Dayton pooh-poohed the idea that high taxes and high spending impede economic opportunity. Now it’s true that Minnesota gets high marks in some business climate indexes and very low marks in others. However, recent research demonstrates that those indexes that give Minnesota low marks — the indexes that stress the importance of lower taxes and lower spending — are the ones that can actually predict economic growth. Fortunately for Minnesota, low taxes and low spending aren’t the only factors that influence economic growth, but that doesn’t mean we can ignore them.

The budget is weighted entirely toward new revenue. Dayton claimed to offer a “balanced” approach, but, as already noted, the budget does not include any substantial spending reductions to help balance out the projected $1.09 billion shortfall. There’s a bit of irony here. On Monday, a news release from the governor’s office decried “the slash, burn and borrow budgeting approach of the past.” Yet the budget presentation boasted of “$5.1 billion in cost savings and reductions over 4 years,” which were largely due to the demands of a Republican-controlled Legislature. The governor called this better government for a better Minnesota, but then failed to offer any specifics on how government would do things better and more efficiently through his budget.  

Reducing spending might sound draconian on the heels of the budget cuts made to balance out those ugly shortfalls of $6.4 billion and $5.2 billion in the past two biennial budgets. However, the state actually survived the so-called Great Recession without needing to make extreme sacrifices. Thanks to an assortment of budget gimmicks and federal funding, the state was able to increase total spending by 5.9 percent in the 2010-11 budget and by 7.2% in the 2012-13 budget. Because the state found ways to increase spending, there remains room to make reasonable spending reductions to balance the current shortfall.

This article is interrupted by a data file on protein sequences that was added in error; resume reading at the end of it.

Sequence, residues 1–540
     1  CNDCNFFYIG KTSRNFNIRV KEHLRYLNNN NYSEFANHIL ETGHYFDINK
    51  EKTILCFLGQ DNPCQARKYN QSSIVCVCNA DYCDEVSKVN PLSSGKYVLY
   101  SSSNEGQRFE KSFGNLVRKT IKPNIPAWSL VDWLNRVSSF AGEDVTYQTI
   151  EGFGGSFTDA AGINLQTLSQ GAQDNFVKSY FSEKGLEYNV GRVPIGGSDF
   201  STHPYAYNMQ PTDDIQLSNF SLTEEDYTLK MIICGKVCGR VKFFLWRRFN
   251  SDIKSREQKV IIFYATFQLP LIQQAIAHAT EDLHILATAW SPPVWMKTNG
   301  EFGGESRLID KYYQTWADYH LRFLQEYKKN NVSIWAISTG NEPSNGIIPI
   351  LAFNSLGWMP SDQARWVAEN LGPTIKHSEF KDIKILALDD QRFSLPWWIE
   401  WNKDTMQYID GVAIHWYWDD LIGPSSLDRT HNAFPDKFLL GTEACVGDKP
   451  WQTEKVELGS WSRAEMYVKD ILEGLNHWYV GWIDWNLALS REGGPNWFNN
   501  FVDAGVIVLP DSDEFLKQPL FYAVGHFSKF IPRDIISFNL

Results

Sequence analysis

Dayton’s “comprehensive tax reform” violates basic tax reform principles at nearly every step. Tax reform principles like simplicity, accountability, efficiency and certainty do not fare well under Dayton’s budget. Our tax system is repeatedly lampooned for violating nearly all of the most basic principles of a sound tax system. Complexity is the most serious and common charge. Yet, Dayton’s budget proposal adds new layers of complexity.   Some new wrinkles to the tax code include a 4th rate tier for the income tax, a new income tax rebate added to an already long list of income tax adjustments, and a requirement on clothing retailers to account for items sold priced higher than $100. Efficiency also suffers. The state tax system should minimize any distortions on private and local government activity. People will find new and innovative ways to avoid snowbird taxes and cigarette taxes (e.g., tribal retailers selling cigarettes will be more popular than ever). In addition, the proposed $500 rebate on property taxes gives local governments an opportunity to adjust taxes upward and, thereby, reducing their accountability to tax payers. 

Instead of reforming the sales tax to fit the new economy, the proposed sales tax primarily raises taxes on families and their employers. Dayton attempted to heed the nearly universal call from tax policy experts to broaden the tax base and to lower rates, but his proposal fell far afield from what nearly every tax policy expert would advise. To the extent Minnesota consumers have shifted more of their spending to services, broadening the sales tax base to include these services makes sense, assuming any expansion is coupled with a reduction in the sales tax rate on all products and services. Doing so should create a more stable revenue source and reduce distortions on how households spend money. But Dayton’s proposal depends much more on expanding the sales tax to sales between businesses.  This leads to what tax experts call tax pyramiding where the final cost of a consumer product can include a pyramid of sales taxes on all the inputs that went into creating the product. And in the end, it’s the consumer who ends up paying the price.